CLIs perform many of the same duties as Legal Interns. Importantly, CLIs shadow a County Court attorney for a week (on average). Next, PD-15's Judicial Circuit's Misdemeanor Division assigns the CLI a small County Court caseload, for which they possess responsibility as they would if they were a practicing attorney. Assigned to a single division, the CLI works closely with, and are supervised by, the attorney assigned to that misdemeanor division. PD-15 Misdemeanor/County Court Chief reviews their cases with them. CLIs attend all court proceedings and act as the attorney of record for all of their assigned clients, with a supervising attorney present. Often CLI's leave their internship having tried one or more cases as the first chair attorney and multiple other trials as a second chair attorney.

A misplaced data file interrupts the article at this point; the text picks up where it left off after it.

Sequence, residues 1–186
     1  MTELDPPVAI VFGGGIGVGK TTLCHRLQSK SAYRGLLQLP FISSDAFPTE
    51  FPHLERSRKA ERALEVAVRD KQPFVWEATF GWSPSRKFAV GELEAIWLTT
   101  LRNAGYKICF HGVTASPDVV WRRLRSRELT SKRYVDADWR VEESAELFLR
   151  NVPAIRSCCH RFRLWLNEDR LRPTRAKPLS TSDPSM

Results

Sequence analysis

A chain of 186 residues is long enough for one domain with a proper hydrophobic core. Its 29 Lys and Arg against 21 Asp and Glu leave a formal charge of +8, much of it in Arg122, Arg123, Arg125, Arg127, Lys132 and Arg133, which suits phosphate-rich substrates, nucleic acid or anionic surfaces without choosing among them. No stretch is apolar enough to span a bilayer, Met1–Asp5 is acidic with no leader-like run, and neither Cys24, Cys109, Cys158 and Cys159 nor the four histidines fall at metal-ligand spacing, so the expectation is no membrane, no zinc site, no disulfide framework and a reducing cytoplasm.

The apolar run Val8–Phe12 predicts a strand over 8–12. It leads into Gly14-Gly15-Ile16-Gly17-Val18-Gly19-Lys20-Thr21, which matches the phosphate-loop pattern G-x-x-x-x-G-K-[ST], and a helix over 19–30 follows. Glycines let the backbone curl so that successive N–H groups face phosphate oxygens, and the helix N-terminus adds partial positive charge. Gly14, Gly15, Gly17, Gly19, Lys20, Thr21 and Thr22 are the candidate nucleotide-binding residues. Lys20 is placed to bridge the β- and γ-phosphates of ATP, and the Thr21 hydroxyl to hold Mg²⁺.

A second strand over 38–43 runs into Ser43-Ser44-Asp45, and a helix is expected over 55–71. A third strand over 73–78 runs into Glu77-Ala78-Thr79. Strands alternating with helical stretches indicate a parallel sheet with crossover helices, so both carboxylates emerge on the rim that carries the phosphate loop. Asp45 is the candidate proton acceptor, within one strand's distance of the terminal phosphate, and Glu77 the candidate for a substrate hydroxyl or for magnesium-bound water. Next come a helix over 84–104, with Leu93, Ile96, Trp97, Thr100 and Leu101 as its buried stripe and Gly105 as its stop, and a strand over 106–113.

"My time as an intern at the public defender's office was truly enjoyable. The degree of support I received at every level'from my chief, to the attorneys, to the support staff — was striking. Coming into this position, I had no legal experience outside of law school. As an intern, I learned to draft motions, argue motions on the record, communicate effectively with clients, manage a caseload and prepare cases for trial. My chief and the other attorney's helped me advance with each new level of responsibility. By the end of my internship, I felt more knowledgeable and confident as an advocate. Undoubtedly, this experience equipped me as a future criminal defense attorney in ways I did not expect."—Jercoryia Council, NOVA Southeastern University's Shepard Broad College of Law